Leftists across the country reacted with abject horror after progressive juggernaut Disney announced last week it would expand Disney+ operations to several Middle Eastern and African countries that criminalize homosexuality.
A day before, the company released a statement on its Twitter account excoriating Florida for passing a piece of parental rights legislation, maligned in the media and by Democratic politicians as a “Don’t Say Gay” bill.
“Florida’s HB 1557, also known as the ‘Don’t Say Gay’ bill, should never have passed and should never have been signed into law,” began the statement. “Our goal as a company is for this law to be repealed by the legislature or struck down in the courts.”
The statement concluded: “We are dedicated to standing up for the rights and safety of LGBTQ+ members of the Disney family, as well as the LGBTQ+ community in Florida and across the country.”
Reportedly, many of Disney’s employees felt uncomfortable with the company’s announcement.
Conservative commentator Jack Posobiec tweeted last Saturday that he had received several internal messages from Disney staff members who preferred Disney stay out of the debate entirely.
The Daily Signal reached out to Disney for comment but did not receive a response.
On top of the internal discomfort from staff members, hypocrisy oozed from the pair of conflicting statements. How could Disney seriously claim it was standing for LGBT rights while expanding its business to some of the worst perpetrators of anti-LGBT violence on Earth?
This wasn’t even the first time Disney came under fire for speaking from both sides of its mouth.
Back in September 2020, the House of Mouse took a massive public relations walloping over revelations it had filmed parts of its live action “Mulan” remake in Xinjiang, China, where the Chinese Communist Party is currently engaged in genocide against the local Uyghur Muslims. Worse still, Disney gave special thanks to several Chinese Communist Party organs in the region; groups directly involved with the persecution of the Uyghurs.
Disney’s behavior is frustratingly hypocritical, but it also belies a more depressing truth. Disney, like all companies, is out to make profit. And right now, it feels like the best way to make that profit is to kowtow to woke leftist values while cynically ignoring those inconvenient values when they conflict with profit abroad.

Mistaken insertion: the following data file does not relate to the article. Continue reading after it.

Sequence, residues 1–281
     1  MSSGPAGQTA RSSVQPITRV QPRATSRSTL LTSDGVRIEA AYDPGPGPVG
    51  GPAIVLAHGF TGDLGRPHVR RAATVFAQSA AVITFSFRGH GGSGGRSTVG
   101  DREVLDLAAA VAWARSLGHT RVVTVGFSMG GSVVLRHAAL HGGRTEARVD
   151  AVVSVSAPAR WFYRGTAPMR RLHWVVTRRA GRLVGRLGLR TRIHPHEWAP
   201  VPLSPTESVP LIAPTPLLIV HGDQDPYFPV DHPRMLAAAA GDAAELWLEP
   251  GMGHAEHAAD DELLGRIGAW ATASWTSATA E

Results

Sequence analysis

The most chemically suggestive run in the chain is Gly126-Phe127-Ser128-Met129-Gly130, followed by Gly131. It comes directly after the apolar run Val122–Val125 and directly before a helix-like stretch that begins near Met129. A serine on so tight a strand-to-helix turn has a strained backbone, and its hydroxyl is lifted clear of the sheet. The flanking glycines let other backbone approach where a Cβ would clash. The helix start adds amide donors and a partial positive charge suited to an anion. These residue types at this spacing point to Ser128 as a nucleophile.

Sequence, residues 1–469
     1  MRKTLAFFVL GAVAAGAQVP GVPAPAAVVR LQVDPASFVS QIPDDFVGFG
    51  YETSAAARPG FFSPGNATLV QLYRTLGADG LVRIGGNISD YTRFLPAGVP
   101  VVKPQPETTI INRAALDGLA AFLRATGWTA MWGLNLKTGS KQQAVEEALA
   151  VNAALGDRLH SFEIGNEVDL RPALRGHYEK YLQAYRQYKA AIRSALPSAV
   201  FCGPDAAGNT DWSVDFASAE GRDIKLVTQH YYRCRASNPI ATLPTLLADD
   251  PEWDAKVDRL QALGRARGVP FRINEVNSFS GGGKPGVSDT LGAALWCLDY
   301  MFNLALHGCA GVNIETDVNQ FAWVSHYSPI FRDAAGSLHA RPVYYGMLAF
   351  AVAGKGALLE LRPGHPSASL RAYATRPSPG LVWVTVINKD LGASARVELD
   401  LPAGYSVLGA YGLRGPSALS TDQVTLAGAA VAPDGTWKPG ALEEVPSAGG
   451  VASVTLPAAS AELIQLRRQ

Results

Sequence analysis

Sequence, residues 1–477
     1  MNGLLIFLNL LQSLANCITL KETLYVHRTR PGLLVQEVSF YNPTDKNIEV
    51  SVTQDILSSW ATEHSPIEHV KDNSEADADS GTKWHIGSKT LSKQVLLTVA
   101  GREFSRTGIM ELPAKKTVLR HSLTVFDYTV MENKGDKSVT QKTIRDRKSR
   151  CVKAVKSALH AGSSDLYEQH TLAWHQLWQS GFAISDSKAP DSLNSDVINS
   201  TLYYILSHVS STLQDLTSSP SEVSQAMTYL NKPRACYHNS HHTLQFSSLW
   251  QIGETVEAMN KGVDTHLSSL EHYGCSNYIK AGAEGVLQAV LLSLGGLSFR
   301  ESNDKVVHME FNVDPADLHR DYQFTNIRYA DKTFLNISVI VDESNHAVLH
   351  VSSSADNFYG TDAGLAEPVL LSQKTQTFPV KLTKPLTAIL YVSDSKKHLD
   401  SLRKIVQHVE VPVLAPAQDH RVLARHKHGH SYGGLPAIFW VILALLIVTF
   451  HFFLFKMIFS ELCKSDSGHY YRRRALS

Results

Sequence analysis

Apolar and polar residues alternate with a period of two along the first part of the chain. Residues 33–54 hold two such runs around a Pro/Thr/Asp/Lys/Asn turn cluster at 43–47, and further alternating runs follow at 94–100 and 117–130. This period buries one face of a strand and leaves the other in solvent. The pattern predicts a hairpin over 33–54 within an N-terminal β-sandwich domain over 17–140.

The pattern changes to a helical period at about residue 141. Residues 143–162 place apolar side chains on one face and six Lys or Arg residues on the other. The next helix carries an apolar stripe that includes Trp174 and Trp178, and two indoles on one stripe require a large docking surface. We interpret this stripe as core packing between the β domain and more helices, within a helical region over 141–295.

Who cares about pesky little things like human rights when there’s money to be made in China?
But it doesn’t have to be this way. History demonstrates that big business and its leaders have stood for pro-American causes in the past, even to the detriment of their profits.
During World War II, President Franklin Roosevelt called General Motors President William Knudsen with a massive problem. America’s defense industry had been completely taken apart after World War I and the the Nazi war machine raged across Europe. The U.S. would need to fill in the gaps in weapons production.
Knudsen and Roosevelt were political archenemies but, recognizing the need to stand up for democracy and American values, Knudsen quit his lucrative job to take on a government salary of $1 and convinced many of his industrialist allies to do the same.
When the world was at stake, and America needed to do what was right, big business sacrificed for the good of the country. It’s hard to imagine that happening today.
But just because the radical left currently holds a monopoly on the corporate psyche doesn’t mean we can’t return to a time where American companies had a sense of civic virtue and duty. There is a place for business in the American cultural landscape, and corporations can play a role in encouraging love of country.
In the past, there was a sense of pride in being an American company, that being based here meant you were blessed and had a duty to project and protect American values of freedom and liberty across the globe.
Disney itself used to understand this.
In 1942, the company released a cartoon titled “Der Fuehrer’s Face.” The cartoon features Donald Duck dreaming he’s trapped living in Nazi Germany. At the end of his nightmare, Donald Duck wakes up to realize he’s still living in America and happily embraces a small Statue of Liberty on his desk, exclaiming, “Oh boy, am I glad to be a citizen of the United States of America!”
Maybe the Disney of today should take a look at its roots to rediscover its love of country.
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